Not the one in the bible

Haman Peter gripped his tattered green bible in his hand.

“You know Jessica,” he said eying up my cigarette, “addiction is wrong.”

He brought the bible down with a slap onto the metal bar in front of my seat.

“You must (slap). Give this smoking up (slap) Jessica. The Lord does not want you to smoke (slap). I Haman Peter know this is true (slap). That is Haman Peter me. Not the one in the bible (slap).”

I nodded as I lurched to the left, smacking my head against the window frame as the bus pitched over a particularly large and muddy pothole.

“Haman is a man in the old testament book of Esther,” he told me. “Haman he was hung by Queen Esther. But Jessica (slap), I am not that Haman. I am me (slap).”

He balanced remarkably straight as he loomed over my seat and thumped his chest for emphasis.

“I am P.C.A.” He announced, “Pentecostal Church of Africa.”

The bus juddered and shook, and the pile of boxes and luggage in the aisle shifted dubiously to a position ready to avalanche on top of me. Haman Peter raised his eyebrows and thrust the dog-eared bible towards me.

Haman Peter’s sudden confession of Christian devotion didn’t surprise me. In Kenya, I’d already found out, religion was a serious business.  My first morning in Nairobi had smelt like fried chicken and exhaust fumes and sounded like the pounding bass of Benga but despite this the capital’s backbone still seemed stuffed in a straight-laced corset. I had picked my way along the pitted pavement of River Road – past the ragtag touts hollering their sales pitch over pirate CDs and cardboard boxes of cast-off clothing – to sprawl on the saggy bed of the cheap hostel and flick through the local newspaper.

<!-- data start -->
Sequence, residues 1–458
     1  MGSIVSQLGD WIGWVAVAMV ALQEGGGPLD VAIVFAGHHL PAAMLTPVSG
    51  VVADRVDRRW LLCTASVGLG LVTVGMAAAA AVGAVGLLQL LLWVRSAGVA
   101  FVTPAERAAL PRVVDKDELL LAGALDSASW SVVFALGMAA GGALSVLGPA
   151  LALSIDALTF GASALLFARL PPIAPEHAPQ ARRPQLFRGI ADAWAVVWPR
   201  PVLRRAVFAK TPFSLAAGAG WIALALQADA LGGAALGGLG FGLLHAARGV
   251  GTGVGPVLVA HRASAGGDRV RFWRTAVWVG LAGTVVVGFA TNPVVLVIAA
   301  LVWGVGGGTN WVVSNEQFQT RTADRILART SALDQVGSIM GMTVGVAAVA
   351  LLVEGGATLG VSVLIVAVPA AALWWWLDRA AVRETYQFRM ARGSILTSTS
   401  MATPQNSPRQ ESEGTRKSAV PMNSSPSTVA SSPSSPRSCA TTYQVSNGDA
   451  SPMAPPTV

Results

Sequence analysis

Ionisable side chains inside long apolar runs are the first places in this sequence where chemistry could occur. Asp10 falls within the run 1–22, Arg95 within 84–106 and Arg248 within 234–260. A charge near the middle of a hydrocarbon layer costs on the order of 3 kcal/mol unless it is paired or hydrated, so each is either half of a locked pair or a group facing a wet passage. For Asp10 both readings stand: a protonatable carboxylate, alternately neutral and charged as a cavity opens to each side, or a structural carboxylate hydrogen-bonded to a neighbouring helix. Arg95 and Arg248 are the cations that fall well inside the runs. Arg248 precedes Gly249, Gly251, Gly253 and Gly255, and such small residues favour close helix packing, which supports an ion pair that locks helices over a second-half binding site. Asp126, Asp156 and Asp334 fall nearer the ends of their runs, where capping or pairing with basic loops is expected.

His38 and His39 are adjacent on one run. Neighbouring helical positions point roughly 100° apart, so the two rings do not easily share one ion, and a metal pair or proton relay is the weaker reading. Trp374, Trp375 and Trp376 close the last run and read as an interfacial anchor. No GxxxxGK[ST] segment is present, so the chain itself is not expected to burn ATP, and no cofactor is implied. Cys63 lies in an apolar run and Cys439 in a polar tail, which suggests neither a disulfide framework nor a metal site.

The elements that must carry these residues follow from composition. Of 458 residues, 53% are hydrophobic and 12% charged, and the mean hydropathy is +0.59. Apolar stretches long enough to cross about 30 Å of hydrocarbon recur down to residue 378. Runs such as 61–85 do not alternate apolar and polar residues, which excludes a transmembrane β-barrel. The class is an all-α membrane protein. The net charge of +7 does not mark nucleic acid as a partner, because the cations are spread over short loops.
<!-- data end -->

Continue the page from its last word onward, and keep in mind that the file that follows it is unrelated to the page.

The entertainment section stopped me in my tracks. Nation FM’s early morning segment promised ‘inspirational soul food’ to start my day. In the evening Radio Waimini gave its listeners a double helping of Vatican Radio while Family FM headed up the major competition with a line up that included Family Prayer Circle, Through the Bible and the ominously titled Music You CAN Believe in. It all sounded depressingly staid though the cinema schedule cheered me up somewhat.

Down on Jogoo Road, Eastlands Cinema was running a six-movies-for-one-ticket promotion on both of their screens. Screen Two’s billing was a heavy going thwack over the head with a bible featuring ‘Jesus Christ Movie’, ‘The Ten Commandments’ and ‘Samson and Delilah’ but curiously on Screen One the schedule was a flesh marathon advertised as ‘Strickly [sic] Adults Only’. Enigmatic names such as ‘Touch of Love’, ‘Honey Moons’ and ‘Hot Dreams’ loomed off the page.

I wondered what happened when someone accidentally walked into the wrong screen at the movies. Think of the shock of sitting down with your popcorn, expecting  a robed-up Charlton Heston on Mt Sinai, and finding yourself facing some up-front action with ‘Hot Dreams’ instead. Or making the opposite mistake – probably just as traumatising for the would-be voyeur.  Did anyone ever move between screens on purpose for a dose of porn and prayer?  Watching a bit of ‘Touch of Love’ and then jumping over to Screen Two for some old prophet action in ‘The Ten Commandments’ would be sort of like an instant confession. Bless me father for I have sinned.  It’s been five minutes since my last masturbation.